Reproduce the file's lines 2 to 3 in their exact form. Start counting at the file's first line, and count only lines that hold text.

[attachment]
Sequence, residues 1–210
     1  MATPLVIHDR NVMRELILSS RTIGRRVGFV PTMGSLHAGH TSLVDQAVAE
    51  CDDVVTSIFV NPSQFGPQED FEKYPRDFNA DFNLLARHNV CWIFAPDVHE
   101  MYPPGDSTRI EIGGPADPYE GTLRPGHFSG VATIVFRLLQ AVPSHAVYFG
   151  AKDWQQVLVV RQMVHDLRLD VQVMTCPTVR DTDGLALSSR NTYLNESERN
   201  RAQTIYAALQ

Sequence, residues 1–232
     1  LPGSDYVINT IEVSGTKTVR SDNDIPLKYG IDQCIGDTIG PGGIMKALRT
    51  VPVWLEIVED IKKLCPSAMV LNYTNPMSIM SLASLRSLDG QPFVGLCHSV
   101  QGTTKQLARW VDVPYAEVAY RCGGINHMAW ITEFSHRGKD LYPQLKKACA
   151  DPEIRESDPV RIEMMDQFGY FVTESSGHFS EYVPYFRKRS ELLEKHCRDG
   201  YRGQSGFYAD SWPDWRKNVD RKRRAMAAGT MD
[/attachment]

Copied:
     1  MATPLVIHDR NVMRELILSS RTIGRRVGFV PTMGSLHAGH TSLVDQAVAE
    51  CDDVVTSIFV NPSQFGPQED FEKYPRDFNA DFNLLARHNV CWIFAPDVHE